top of page
  • Tracy

The Truth about Lying

Let’s be honest…at one time or another, every single one of us has told a lie. Whether it was a “white lie” (Why no, Susan, that orange dress does not make you look like a lumpy pumpkin on steroids) or an “intentional lie” (I did not know the speed limit was 60mph, Officer!) or a “lie of omission” (He asked if I spent a lot of money at Kohl’s, which I did not. I spent a lot of money at Hobby Lobby, which he did not ask, so we’re good), we have all done it. So, it’s funny to me when people are so outraged at lying in general. I mean, I get it, being a liar is not an attribute I want to be associated with, but I’d be lying if I said I hadn’t done it. It’s uncomfortable to admit that, but there it is.

When I was a little girl, lying was a confusing subject for me. When you grow up with a step-father that is abusive – not to mention a sexual predator – you are expected to lie; to the teacher, the school nurse, your grandparents, and whoever else might get the perpetrator in trouble. So, if you were asked questions, you better believe you had to lie your ass off with great fervor and believability, because if you didn’t, your life was about to get even worse. However, lying to my Mom was a sure-fire way to get a spanking, while also being shamed for telling the lie itself. It was hard to keep it all straight in my little head.

When my Mom died a few years later, I used lies as a means of escape. I wanted to be anyone other than who I was, so I made up elaborate lies to “become” a person I thought others would like. Unfortunately, I wasn’t good at it, and I lost my dearest childhood friend because of my propensity to make up stories. I would like to say that cured me, but by this time, I was generally up to no good and lied habitually to cover my tracks. It became a pattern that sickened me from the inside out. The truth is, I was a good enough kid to understand that lying is wrong and you shouldn’t do it. So, I went through years of being twisted with guilt, liking myself even less because of the things that came out of my mouth. It was a vicious cycle and one that weighed on me heavily.

As the years went on and I developed a deep spiritual relationship with God, I no longer had to lie to be someone I wasn’t. I have tried very hard to live in a way that is completely transparent, even when it means exposing the parts of my life that aren’t so pretty. I have been at the mercy of a man who fed me lies on the daily and in the uncomfortable position of having to tell a friend the hard truth. I will admit, it is very easy to get self-righteous about lying when you’re on the receiving end of it. It feels so disrespectful, dismissive and just plain gross. Yet, if I can look past my anger for two seconds, I can usually see that the lie itself is not the issue; it’s why the person felt like they had to lie in the first place. Those are the difficult conversations to have, because it takes listening on a soul level, which is hard when you kind of want to punch that person in the face.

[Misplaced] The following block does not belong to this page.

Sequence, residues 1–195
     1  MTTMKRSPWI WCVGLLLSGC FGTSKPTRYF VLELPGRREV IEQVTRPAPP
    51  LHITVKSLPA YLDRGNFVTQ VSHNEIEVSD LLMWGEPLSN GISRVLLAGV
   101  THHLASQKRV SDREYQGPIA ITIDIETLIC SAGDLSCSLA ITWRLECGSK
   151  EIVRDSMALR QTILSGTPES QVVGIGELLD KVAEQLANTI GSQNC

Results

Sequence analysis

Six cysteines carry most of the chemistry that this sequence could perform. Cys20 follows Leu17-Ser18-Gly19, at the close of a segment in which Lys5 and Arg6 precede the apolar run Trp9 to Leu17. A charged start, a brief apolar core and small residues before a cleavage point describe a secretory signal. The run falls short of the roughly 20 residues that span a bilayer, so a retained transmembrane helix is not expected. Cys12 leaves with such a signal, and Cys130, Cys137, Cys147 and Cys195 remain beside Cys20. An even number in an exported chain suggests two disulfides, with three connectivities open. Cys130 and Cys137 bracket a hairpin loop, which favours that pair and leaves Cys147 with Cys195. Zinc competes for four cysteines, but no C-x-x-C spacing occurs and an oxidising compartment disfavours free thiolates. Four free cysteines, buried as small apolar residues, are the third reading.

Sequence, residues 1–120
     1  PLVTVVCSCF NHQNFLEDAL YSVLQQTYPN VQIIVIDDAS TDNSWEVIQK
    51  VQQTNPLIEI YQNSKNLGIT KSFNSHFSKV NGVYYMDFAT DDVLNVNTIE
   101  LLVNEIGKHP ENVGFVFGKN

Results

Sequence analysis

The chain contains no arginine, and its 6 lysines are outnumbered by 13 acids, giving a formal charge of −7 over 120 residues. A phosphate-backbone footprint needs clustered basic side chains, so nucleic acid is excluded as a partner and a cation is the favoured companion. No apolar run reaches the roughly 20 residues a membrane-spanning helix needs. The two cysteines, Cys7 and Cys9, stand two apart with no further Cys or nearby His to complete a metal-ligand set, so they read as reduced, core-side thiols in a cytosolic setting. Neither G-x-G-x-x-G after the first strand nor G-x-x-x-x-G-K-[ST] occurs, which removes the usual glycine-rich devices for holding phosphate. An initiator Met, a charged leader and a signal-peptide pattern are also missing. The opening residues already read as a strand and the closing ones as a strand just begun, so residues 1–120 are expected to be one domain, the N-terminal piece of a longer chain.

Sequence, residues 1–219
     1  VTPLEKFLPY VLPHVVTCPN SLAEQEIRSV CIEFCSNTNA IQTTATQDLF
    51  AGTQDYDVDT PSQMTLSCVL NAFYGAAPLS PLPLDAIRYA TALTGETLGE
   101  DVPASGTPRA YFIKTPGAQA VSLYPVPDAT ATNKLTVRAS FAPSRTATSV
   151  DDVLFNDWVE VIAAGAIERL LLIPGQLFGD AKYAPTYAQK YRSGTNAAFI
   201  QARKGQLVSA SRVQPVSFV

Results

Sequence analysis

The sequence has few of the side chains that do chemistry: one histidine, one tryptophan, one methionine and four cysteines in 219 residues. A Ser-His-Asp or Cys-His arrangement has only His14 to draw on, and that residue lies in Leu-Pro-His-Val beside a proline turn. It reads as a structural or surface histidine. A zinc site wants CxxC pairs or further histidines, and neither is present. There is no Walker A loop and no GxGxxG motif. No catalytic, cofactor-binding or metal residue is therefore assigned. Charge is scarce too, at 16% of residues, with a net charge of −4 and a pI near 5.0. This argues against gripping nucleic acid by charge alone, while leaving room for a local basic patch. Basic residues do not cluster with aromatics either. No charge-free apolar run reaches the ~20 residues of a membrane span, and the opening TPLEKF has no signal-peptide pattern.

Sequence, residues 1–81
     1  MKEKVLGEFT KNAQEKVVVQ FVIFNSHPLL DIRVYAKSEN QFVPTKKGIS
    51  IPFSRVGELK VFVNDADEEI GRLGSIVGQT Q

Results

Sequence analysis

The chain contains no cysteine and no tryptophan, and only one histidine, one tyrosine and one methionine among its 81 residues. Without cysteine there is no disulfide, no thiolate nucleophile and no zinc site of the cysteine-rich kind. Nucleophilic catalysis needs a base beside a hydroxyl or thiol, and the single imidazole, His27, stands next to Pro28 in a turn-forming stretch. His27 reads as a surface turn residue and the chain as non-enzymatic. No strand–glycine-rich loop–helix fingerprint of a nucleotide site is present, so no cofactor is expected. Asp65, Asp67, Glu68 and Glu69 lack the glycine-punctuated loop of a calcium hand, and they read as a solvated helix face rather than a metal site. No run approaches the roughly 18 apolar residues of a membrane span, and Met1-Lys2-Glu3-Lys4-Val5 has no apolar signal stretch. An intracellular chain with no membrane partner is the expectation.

Lies have all sorts of consequences and the liar doesn’t get to decide what those are. Maybe lying will save you from hurting someone’s feelings…maybe it will cost you your marriage…maybe it will cause you to spend time in jail. I don’t know, but it hardly seems worth it to me these days. When I met the love of my life and best friend, we agreed to a life of “full disclosure” and we talked about everything, no holds barred. We did a lot of laughing, had some painful discussions and had some embarrassing tales to tell, but no matter what, we stated our truth. It has been the deepest, most satisfying relationship of my life. That doesn’t mean we don’t tell the truth without care and compassion, but our lives are lived with total transparency. It’s extremely refreshing.

My point to all this is, we live in an age where the truth is very difficult to discern. From our political leaders to our work spaces and into our most intimate relationships, lying can become an accepted way of being. And before you start in with the hate mail, let me ask you this. Are all of your pictures on social media really you, or have they been edited in some form or fashion? That’s what I thought.

Now more than ever, we need to return to our most authentic selves. We need to have discussions that make us uncomfortable, to find ways to express ourselves in sincerity and truth, without tearing others down in the process. Lying might “help” you in the moment, but it won’t serve you in the long run, trust me. It will only serve to devalue yourself and others, which is such a waste of your precious time here on earth. The biggest lies of all, are the ones we tell ourselves; they are also the most difficult to untangle, because if you tell yourself a lie long enough, you will eventually believe it. That’s a slippery slope, my friends. So, the next time you are tempted to tell an untruth, ask yourself why that is. Are you afraid to say what you really think? Is it more comfortable to live in the lie of the moment than to have the scary conversation about an uncertain future? Are you just being lazy? Yes, I know we have all done it, but we don’t have to keep doing it. State your truth and be your most awesome, unique and incredible selves. The truth of who you are is exactly what this world needs right now and that, my darlings, is no lie.

34 views0 comments

Recent Posts

See All
bottom of page